I work from home several days a week and many times I find myself at Qualia or other coffee shops to start my day. Going to Qualia is always a crapshoot given the limited seating options, but I do enjoy their freshly roasted beans. This morning, there happened to be seats, but when I asked for the wifi password, I was told “they were not doing wifi anymore.” I had already paid for my coffee and there was no signage indicating this new policy. I’m not opposed to no wifi to encourage person to person discussion, but given the extremely limited space and general setup of Qualia, the cafe itself doesn’t really encourage this type of interaction. I’m never able to bring groups of friends (or even my spouse) to Qualia because the seating is minimal. Rarely are there two seats together. The counter/bar along the wall seems specifically designed for computers. Maybe “no wifi” fits their business model? Maybe they are trying to prove a point? Regardless of their reasoning, it will definitely impact their business from me. I no longer plan to go there.”
“Our current WiFi Policy is clearly stated on our web site here.
We are not trying to discourage people from using Qualia to work, play or meet. We have come to the conclusion that it is no longer necessary or beneficial to offer Internet access. Now that open and mobile hot spots are now readily available, no longer offering free WiFi was not intended to create a significant barrier for people who wanted to work on their computers. However, we had reached a tipping point in the volume and nature of customers we were serving. Those visiting us only for free Internet access had begun to crowd out the people who were visiting us for the unique coffee experience we offer. Given how limited out space is, it only takes a handful of folks camping out for hours at a time to diminish our ability to serve a broader spectrum of customers.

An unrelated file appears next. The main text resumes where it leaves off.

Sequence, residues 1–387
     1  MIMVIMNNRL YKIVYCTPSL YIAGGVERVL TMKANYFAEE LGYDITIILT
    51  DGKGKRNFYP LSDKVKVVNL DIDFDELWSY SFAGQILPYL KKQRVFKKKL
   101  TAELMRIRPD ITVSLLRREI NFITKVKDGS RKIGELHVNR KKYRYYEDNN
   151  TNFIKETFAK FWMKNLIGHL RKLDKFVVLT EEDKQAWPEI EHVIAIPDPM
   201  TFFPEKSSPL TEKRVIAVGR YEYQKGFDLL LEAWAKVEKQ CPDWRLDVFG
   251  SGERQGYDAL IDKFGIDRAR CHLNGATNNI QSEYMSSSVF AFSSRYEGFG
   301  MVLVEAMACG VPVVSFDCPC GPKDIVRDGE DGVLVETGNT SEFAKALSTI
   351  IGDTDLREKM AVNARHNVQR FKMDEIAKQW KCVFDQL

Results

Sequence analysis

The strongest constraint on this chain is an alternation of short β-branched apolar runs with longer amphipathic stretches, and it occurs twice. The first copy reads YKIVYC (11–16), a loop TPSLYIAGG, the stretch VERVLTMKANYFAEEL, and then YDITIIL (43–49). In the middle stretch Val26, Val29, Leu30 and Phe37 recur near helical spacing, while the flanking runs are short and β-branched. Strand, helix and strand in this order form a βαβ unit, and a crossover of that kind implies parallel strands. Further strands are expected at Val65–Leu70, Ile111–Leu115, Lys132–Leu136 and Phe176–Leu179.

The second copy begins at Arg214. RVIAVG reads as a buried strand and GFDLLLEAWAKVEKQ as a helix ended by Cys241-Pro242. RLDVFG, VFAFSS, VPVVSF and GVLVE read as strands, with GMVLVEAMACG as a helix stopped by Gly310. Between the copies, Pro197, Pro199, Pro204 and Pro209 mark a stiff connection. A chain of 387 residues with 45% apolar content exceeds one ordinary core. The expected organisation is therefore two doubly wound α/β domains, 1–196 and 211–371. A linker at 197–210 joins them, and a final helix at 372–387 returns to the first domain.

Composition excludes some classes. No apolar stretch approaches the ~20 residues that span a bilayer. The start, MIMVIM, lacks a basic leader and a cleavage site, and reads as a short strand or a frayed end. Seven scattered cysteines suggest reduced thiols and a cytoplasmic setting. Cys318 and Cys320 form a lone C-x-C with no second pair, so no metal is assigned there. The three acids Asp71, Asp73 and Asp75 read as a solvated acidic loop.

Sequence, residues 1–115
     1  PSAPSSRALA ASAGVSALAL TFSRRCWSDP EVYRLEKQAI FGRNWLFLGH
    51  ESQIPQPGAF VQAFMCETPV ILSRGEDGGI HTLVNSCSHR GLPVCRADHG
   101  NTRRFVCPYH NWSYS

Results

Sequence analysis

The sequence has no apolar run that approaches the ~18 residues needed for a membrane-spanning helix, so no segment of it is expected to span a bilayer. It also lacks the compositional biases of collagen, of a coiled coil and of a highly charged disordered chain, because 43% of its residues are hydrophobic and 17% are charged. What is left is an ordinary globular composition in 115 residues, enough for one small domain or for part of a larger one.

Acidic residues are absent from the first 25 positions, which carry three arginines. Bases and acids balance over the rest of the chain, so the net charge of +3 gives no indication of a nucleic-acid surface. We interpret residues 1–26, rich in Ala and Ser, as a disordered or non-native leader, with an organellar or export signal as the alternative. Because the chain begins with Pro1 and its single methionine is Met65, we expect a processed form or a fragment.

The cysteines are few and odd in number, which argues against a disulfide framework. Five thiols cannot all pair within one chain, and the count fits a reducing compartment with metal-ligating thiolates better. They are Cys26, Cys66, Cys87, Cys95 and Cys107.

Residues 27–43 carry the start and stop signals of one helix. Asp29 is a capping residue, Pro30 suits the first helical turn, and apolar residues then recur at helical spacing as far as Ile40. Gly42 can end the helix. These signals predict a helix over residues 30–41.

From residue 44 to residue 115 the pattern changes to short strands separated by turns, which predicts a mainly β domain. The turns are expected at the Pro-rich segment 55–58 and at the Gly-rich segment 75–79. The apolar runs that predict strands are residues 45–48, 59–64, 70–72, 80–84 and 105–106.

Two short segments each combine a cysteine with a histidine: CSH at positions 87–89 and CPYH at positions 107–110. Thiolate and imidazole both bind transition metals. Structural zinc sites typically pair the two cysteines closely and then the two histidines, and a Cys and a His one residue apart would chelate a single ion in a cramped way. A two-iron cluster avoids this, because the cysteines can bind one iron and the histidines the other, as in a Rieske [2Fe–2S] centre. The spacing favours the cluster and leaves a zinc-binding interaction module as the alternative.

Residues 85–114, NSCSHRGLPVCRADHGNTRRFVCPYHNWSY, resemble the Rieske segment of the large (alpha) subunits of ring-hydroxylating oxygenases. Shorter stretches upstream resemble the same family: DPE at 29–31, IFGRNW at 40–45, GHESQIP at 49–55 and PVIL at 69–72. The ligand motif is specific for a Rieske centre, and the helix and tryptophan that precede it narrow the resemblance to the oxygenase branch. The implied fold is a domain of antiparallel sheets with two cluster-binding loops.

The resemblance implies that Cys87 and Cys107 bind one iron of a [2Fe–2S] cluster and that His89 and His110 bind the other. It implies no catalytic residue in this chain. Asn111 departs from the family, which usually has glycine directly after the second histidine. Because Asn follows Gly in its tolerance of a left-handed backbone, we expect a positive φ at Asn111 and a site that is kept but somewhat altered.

That said, we are open to everyone’s comments and concerns. Our WiFi policies have changed over time and are bound to continue doing so.”
Thanks to Jonathan Pinkerton for sending shots of the new signage. They open January 26th. For those not familiar with the Colada Shop:
“Named after the iconic Cuban-style coffee, Colada Shop is a concept that blends together the contemporary lifestyle of Washingtonians with the Cuban tradition of starting and ending the day. Paying homage to the Caribbean way of coffee, food, cocktails and social lifestyle, Colada Shop will be a casual café and eatery where guests come for the quality and stay for the company.
Colada Shop takes its name from one of Cuba’s quintessential coffees, the Colada, which is 4oz of Cuban- style espresso traditionally served in a Styrofoam cup along with small, plastic demitasses. Its takeaway form is meant to be shared. Sharing a colada remains a prominent social and cultural activity and is customary of workplace breaks in Cuban communities.” (more…)
On Friday we posted an epic poll for Best Coffee in DC. Because there were so many nominations, a reader suggested narrowing it down to a final poll. Here are the top 7 out of 47 (who received at least 100 votes). Honorable mention to Tryst and Filter for coming in just shy. And we should take a second to realize how lucky we are to have so many great options these days. But an arbitrarily selected best must be ordained! Pick your favorite and remember these results/bragging rights last for two years.
So some folks to serious umbrage to the notion that Compass Coffee could be considered the best coffee in DC. So since the last query was in 2014 (which is a lifetime in DC) time for an update. To answer the question definitely once and for all (or for at least the next two(ish) years) – who makes the best coffee in the District of Columbia?
“That coffee shop that has been coming soon for ages on 14th & Otis Pl opened on Monday. I grabbed a coffee this morning to check it out. The interior is quite elegant for a coffee shop — if they added some background music and there were more people, I wouldn’t mind having breakfast on a weekend. I found it similar to Le Caprice, so it could provide a nice Ethiopian alternative to the French cafe two blocks down the road. I saw some Ethiopian specialties on the menu (e.g., fit-fit), but the lady said they were not ready for those yet.”